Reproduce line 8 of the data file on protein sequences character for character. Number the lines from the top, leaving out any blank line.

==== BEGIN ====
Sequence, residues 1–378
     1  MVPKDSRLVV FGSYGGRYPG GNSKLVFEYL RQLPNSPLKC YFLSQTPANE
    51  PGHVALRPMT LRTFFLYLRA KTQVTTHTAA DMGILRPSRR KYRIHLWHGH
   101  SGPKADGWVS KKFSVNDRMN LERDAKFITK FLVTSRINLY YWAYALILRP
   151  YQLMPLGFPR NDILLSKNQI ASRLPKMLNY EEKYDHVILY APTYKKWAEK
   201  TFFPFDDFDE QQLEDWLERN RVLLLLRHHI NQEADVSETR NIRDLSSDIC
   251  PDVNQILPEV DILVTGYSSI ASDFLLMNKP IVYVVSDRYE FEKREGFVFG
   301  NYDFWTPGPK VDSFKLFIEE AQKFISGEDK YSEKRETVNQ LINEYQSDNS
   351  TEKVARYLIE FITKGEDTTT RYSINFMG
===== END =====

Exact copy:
   301  NYDFWTPGPK VDSFKLFIEE AQKFISGEDK YSEKRETVNQ LINEYQSDNS